Wright did eventually return to public life, touring and speaking in the United States during the late 1840s and advocating the re-election of Martin Van Buren. Her reputation, however, had spoiled any real opportunity for her to be effective. As crowds dwindled and those attending were more curious than committed, Fanny eventually retired into a private life, struggling to retain her financial solvency in her conflicts with her husband. Suffering a nervous breakdown in her last years, she died estranged from her daughter and attended only by maids.
Eckhardt's portrait of Wright goes well beyond a factually reliable account and details Wright's inner life and motivations. While this make the book extremely interesting, it sometimes slips into speculative psychologizing. It isn't clear from the end notes how well founded this speculation is. Over all, the work is a sympathetic -- but not uncritical -- examination of an extremely interesting historical figure. Clearly, Wright's talents and determination to advance the cause of liberty everywhere allowed her to achieve more than women could ever hope during her lifetime. Her actions, while damaging to herself, broke seemingly impenetrable ground for women in Europe and the United States.
Saturday, December 13, 2008
The work is rich in detailed portraits of the eras most important figures and provides a careful guide through the kaleidascopic constellations of political alliances. The reader is emersed a time when national political parties were weak in comparison to state political parties, and when the county's leading politicians could (and would) split political parties and form new ones in pursuit of personal political gain. Along with the familiar "Democrats," "Whigs," and "Republicans," Schlesinger distinguishes such groupings as the "Cotton Whigs," the "Conscience Whigs," "Hunkers," "Barnburners," "Locofocos," "Free Soilers," the "Liberty Party," "Northern Democrats," "Southern Democrats," and the "Know Nothing Party." He is especially good at identifying the role of newspapers in promoting the views of one or another candidate, politician or political party.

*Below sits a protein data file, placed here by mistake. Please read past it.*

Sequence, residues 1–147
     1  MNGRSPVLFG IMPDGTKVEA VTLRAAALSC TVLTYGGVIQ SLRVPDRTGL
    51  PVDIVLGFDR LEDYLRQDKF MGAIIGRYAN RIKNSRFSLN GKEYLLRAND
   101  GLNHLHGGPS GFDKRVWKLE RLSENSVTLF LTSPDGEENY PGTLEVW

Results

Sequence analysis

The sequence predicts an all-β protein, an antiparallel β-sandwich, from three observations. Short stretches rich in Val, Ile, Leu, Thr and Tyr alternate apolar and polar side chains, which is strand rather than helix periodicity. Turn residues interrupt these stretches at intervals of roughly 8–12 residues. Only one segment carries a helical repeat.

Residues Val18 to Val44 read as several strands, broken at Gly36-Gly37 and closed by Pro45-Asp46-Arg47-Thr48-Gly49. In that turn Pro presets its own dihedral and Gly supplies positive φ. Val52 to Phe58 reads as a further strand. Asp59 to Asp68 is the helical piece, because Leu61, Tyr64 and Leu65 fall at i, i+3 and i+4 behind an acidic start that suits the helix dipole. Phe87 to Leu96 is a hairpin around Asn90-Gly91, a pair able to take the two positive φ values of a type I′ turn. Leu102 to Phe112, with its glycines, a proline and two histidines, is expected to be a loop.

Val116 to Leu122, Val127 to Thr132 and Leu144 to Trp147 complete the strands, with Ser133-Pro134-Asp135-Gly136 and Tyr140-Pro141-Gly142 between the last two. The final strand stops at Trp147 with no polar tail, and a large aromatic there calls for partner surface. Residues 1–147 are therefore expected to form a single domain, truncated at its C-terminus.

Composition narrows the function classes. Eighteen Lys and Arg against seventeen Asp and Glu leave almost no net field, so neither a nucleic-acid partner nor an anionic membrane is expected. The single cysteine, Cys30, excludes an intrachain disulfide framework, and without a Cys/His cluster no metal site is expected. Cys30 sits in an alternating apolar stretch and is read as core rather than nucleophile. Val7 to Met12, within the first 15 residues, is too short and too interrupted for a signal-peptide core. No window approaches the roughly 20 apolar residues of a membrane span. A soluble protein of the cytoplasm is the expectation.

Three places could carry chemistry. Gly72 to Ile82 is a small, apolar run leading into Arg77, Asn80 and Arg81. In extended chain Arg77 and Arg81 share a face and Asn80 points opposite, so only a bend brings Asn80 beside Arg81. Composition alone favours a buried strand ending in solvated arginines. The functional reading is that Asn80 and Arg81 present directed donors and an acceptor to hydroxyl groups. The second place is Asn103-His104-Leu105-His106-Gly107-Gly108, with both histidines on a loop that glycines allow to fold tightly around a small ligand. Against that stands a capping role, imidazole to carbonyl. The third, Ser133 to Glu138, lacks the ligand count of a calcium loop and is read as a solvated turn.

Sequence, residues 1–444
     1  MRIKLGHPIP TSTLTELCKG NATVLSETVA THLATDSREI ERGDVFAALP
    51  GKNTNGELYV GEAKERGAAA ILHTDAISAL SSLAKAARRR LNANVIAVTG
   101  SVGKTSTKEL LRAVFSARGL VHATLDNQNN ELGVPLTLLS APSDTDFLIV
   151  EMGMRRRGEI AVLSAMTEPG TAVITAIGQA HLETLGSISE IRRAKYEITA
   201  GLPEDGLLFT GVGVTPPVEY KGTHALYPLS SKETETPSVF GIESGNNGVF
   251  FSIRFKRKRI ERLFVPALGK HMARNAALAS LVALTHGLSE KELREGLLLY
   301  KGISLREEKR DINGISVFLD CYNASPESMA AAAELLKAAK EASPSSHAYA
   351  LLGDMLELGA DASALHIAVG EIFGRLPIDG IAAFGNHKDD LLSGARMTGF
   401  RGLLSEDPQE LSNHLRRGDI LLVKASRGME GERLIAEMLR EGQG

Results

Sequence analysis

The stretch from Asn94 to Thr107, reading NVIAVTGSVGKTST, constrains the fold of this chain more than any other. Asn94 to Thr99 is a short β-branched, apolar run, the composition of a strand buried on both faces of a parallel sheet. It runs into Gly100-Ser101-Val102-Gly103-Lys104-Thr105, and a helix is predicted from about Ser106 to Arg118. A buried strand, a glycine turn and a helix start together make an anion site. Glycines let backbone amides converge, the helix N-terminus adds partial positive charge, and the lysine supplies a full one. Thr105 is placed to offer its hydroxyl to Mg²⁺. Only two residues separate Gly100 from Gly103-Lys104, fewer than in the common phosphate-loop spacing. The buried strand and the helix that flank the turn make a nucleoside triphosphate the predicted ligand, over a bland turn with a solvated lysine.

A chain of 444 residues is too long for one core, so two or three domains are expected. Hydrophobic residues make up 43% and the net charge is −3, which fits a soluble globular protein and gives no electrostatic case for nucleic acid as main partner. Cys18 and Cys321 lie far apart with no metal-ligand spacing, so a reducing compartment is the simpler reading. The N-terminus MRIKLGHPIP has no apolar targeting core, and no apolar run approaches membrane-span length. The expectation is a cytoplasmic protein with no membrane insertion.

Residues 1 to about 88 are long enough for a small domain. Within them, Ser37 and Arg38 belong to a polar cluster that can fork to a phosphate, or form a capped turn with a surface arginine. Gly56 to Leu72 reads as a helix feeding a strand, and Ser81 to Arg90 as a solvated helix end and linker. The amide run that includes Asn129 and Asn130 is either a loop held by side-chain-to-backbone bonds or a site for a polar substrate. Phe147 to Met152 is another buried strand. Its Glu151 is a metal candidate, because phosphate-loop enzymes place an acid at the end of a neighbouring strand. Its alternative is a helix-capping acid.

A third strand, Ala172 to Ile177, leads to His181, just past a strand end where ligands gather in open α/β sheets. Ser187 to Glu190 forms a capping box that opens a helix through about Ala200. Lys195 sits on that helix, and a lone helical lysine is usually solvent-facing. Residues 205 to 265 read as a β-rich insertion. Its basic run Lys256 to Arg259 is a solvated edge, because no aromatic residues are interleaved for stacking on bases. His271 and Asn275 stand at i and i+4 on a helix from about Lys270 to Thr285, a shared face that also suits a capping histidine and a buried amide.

What was most surprising to me was how much many of the leading figures of the time sounded like Marx. At least in their rhetoric, many politicians recognized the exploitation of the working class by newly rising corporate interests. Schlesinger quotes numerous politicians as dividing American society into the working class that produces wealth and the capitalist class that lives off of that production. For mainstream politicians of the time, wealth is a product of labor and its maldistribution is the measure of exploitation. In this respect, I am left wondering if Martin Van Buren was not our country's most radical president, and whether the power of corporations might not have been nipped in the bud had he been re-elected in 1840. Schlesinger attributes his defeat to the shrewd Whig strategy to paint William Henry Harrison as a commoner and the power of the Whig campaign treasury.
The last third of the book turns away from economic issues and recounts the struggle over slavery leading up to the Civil War. While interesting, the narrative is well known. I am not so well read as to say how much The Age of Jackson is responsible for that narrative, but surely much of it is in line with previous work on the Civil War.
Two figures stand out in Schlesinger's account that get well-deserved attention. One is David Wilmot, the radical Democrat responsible for introducing a bill to abolish slavery in the territories. The significance of this bill can not be understated. It, perhaps more than anything, was responsible for moving the issue of slavery from a matter for compromise to a nation-splitting controversy. The second figure is Frances Wright, a Scottish immigrant who was the darling of the working class, an early opponant of slavery, and an outspoken feminist. Schlesinger's picture of her is one of a late 20th century woman mysteriously born in 1795. For a fuller picture of this amazing personality, see Fanny Wright: Rebel in America.